This story originally appeared on SmartAsset.
Traveling by plane can be expensive and lately it seems like there are extra baggage fees and charges for everything. Planes are crowded and there are longer waits at security. There is, however, one silver lining that remains: upgrades. Sometimes it’s possible to get the first-class experience for the cost of a ticket in coach. Check out our travel advice and you can upgrade to more legroom and better service.
1. Look and Act the Part
When you approach the ticketing desk, it’s best to look sharp and be nice to everyone you interact with. You don’t have to go over the top, but wearing smart or business casual clothing can help you fit in with the passengers who have the most expensive seats.
2. Be Loyal
Individuals who fly the most are more likely to be rewarded. Flying regularly with the same airline can help you earn elite status through a loyalty program. The higher your status, the more likely it is that you’ll be able to move up to first class.
To get the best results, it’s a good idea to stick with the bigger airlines. You don’t have to fly every week to get access to benefits. With a co-branded credit card, for example, you can earn elite-qualifying miles without setting foot on a plane.
3. Be Flexible
Want to get out of coach? The best thing you can do is travel at a quiet time on an off-peak day like a Tuesday or a Wednesday when seats are less likely to be filled. Volunteering to give up your seat if the flight is overbooked or if families or couples are sitting apart from one another can help you get bumped to first class.
4. Know How to Ask
Sometimes all you have to do is ask. It’s all about attitude when you approach a gate agent. It’s a good idea to be polite, friendly and appreciative. Airline workers also respect direct, quick questions.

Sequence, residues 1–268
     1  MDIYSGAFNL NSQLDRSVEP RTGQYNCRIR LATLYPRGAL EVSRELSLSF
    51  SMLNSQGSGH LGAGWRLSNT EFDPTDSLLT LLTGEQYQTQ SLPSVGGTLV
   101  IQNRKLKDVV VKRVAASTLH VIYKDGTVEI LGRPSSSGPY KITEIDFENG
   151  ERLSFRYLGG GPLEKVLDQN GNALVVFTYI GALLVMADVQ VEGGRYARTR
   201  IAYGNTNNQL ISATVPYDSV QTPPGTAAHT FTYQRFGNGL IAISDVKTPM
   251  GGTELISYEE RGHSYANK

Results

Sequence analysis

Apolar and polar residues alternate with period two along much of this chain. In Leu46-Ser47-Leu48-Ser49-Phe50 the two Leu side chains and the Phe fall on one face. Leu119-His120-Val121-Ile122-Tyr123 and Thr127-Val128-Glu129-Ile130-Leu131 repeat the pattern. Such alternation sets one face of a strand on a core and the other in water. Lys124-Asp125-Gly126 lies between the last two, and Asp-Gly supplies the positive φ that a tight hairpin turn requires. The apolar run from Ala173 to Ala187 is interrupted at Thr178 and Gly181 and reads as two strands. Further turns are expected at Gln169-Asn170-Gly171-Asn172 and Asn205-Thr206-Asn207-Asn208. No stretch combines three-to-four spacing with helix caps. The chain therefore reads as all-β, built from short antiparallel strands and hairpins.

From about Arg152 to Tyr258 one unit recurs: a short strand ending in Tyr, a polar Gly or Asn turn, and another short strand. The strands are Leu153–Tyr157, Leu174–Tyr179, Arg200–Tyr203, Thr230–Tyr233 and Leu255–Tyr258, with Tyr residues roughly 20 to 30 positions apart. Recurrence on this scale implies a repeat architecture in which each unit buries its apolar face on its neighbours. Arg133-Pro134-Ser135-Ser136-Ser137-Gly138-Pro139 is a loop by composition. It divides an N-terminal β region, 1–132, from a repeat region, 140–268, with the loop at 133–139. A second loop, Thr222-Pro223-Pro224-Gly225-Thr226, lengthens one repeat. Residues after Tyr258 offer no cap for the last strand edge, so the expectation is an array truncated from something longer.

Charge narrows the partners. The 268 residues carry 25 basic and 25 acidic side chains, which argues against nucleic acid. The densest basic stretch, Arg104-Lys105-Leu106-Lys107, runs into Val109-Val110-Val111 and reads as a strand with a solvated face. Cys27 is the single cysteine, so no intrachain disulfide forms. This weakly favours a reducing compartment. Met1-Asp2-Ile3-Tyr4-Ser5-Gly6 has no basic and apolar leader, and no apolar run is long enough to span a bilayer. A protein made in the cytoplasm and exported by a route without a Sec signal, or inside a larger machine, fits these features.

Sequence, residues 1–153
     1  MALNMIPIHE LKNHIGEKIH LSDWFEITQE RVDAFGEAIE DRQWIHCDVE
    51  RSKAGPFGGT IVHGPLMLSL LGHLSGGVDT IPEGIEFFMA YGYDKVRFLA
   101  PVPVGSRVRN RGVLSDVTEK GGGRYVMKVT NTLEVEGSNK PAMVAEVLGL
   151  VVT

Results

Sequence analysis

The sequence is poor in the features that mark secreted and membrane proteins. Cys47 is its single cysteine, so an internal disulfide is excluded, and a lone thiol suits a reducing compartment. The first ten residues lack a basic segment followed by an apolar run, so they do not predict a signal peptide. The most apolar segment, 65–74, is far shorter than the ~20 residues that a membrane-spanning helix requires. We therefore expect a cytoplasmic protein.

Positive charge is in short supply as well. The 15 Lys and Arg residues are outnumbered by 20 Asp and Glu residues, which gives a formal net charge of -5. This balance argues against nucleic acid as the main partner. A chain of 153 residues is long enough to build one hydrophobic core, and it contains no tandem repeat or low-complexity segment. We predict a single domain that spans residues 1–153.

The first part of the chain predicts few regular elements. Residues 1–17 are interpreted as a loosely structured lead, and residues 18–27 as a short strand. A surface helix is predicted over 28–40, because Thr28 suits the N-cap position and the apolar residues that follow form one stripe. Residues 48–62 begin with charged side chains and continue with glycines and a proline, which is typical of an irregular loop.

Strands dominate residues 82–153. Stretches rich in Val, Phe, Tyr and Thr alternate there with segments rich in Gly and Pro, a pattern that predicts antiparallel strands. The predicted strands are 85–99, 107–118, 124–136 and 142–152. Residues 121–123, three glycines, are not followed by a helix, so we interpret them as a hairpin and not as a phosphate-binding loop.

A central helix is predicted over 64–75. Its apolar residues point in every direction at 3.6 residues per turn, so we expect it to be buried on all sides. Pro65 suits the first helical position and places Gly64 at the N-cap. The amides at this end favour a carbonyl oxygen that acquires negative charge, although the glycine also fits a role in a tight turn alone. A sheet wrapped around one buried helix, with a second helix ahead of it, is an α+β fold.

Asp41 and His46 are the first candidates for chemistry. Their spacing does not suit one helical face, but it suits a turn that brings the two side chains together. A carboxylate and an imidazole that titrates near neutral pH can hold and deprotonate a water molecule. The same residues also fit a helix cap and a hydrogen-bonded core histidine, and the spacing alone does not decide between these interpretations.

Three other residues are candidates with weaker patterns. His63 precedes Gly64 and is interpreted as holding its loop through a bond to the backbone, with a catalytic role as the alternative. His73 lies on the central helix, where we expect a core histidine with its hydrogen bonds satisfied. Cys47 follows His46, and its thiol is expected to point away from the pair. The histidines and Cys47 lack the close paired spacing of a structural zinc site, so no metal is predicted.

Even if there are delays or other problems, it’s a good idea to keep the same enthusiastic expression on your face if you want the first-class treatment. Staying cool in the face of delays can go a long way in the eyes of flight attendants and gate agents. Even if you don’t get the upgrade, you can still get better customer service just from being positive.
5. Pay a Little to Get a Lot
Be on the lookout when you check in for vacancies in first and business class. If you’re really looking for that upgrade, it never hurts to be willing to cough up a little extra cash or some of your credit card or frequent-flier miles. Since an empty seat is lost revenue to an airline, they might sell deeply discounted upgrades close to departure.
While there is no way to guarantee an airline upgrade without paying the hefty price tag, there’s no harm in increasing your chances with the strategies we’ve discussed. As long as you stay courteous and respectful, you have nothing to lose by asking for an upgrade.